There is a bumper crop of mulberries this year and everyone is searching for ways to use up this juicy fruit. One friend is brewing mulberry wine and I'm looking forward to tasting and writing about the resulting brew. Mulberries are ideal for sherbets and cordials. Most recipes call for the berries to be boiled with sugar and water but Lale, at Gambilya Cafe in Bodrum showed me a "raw" recipe. The amounts are vague but approximately 2 cups of berries, 1 cup of sugar and 1 cup of lemon juice are mixed in a glass jar, which is shaken daily and left in the garden for 4 days. The mixture is then passed through a fine sieve and bottled. I would keep the bottles in the fridge, but I'm sure they won't be around for long as the syrup mixed with 4 parts water makes a very refreshing long drink. I think the addition of a shot of vodka and plenty of crushed ice would also go down well after the sun dips below the yardarm. She also makes a cordial using purple basil instead of berries, which, once diluted, produces the delicate pink liquid in the glass on the left.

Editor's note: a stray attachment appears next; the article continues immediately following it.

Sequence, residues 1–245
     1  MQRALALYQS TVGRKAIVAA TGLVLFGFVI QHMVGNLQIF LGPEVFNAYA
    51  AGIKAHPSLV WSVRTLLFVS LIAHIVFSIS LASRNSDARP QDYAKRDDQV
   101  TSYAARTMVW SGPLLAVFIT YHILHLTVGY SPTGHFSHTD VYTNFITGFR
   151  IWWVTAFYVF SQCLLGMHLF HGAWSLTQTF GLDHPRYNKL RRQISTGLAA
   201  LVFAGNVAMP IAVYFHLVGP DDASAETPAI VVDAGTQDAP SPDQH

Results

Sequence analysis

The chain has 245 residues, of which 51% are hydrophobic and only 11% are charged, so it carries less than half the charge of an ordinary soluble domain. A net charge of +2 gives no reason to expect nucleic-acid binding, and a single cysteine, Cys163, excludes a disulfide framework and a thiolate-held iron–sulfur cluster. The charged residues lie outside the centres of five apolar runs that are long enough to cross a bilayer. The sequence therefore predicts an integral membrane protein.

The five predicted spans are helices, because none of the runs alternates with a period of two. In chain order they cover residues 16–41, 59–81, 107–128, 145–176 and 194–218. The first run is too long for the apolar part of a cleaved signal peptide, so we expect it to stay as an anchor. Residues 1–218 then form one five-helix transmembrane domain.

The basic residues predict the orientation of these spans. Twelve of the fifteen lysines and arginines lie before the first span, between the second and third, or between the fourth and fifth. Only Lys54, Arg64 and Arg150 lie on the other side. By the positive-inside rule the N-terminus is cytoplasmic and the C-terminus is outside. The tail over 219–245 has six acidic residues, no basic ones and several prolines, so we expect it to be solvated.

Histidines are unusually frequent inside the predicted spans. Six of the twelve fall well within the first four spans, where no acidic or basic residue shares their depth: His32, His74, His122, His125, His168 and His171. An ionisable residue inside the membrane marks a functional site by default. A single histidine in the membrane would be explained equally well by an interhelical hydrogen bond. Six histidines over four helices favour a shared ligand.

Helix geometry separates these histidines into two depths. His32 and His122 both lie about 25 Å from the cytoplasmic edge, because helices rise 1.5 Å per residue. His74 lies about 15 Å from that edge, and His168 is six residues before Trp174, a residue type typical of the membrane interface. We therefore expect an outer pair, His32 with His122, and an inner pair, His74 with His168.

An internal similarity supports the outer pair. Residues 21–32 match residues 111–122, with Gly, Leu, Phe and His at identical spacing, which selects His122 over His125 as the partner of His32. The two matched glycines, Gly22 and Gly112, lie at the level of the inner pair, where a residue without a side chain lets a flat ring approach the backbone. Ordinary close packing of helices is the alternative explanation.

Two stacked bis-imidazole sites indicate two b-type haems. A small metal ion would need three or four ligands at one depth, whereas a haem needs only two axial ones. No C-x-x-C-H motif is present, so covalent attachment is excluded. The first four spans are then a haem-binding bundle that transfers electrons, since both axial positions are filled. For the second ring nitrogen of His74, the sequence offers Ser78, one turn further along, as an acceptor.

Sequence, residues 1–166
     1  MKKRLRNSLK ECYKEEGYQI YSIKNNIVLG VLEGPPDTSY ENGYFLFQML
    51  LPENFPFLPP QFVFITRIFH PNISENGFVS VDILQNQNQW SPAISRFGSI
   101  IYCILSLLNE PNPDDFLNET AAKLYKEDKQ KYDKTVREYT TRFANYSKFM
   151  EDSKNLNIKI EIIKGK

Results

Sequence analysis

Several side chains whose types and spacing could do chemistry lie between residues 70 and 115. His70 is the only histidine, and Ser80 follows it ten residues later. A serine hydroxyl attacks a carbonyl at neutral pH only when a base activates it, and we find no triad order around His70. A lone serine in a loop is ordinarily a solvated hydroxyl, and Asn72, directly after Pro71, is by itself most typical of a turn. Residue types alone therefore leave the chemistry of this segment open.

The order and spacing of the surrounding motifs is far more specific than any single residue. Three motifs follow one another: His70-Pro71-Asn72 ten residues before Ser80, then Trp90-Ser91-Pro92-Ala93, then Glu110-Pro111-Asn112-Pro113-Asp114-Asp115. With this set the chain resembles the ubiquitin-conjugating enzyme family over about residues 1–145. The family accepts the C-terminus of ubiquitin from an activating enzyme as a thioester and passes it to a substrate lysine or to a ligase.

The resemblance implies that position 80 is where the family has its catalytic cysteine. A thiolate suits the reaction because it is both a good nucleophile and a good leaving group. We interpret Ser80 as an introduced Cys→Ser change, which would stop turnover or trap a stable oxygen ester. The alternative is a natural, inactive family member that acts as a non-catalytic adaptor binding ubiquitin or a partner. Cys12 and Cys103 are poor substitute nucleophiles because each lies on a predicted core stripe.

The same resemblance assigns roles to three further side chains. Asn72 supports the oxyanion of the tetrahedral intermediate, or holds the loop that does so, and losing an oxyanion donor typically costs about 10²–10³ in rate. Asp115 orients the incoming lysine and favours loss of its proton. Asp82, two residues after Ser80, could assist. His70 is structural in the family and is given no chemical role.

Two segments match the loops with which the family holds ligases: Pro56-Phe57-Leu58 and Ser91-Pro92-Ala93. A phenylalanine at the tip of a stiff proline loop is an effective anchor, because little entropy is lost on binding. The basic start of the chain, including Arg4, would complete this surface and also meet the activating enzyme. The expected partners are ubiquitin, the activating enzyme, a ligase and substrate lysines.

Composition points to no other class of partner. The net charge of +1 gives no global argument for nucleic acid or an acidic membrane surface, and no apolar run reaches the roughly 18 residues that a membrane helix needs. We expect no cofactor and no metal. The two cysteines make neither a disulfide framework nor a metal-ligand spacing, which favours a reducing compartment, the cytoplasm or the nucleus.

I haven't mentioned many ( if any) restaurants in this blog, but Gambilya is worth a recommendation as Lale and Selahattin have created a little green oasis in the centre of Bodrum, where healthy, clean
natural foods can be enjoyed in a peaceful, almost rural atmosphere. We hold our writing group here every two weeks, and each time we are treated to a different cake or dessert, created with minimum or zero sugar and lots of seasonal fruits. Effort is made to use only locally sourced products and their lunch and dinner menus feature home cooked dishes which aren't found in other restaurants.
They also have excellent wifi so if you are looking for a quiet spot to catch up on your correspondence over a herb tea or coffee, Gambilya is the ideal spot.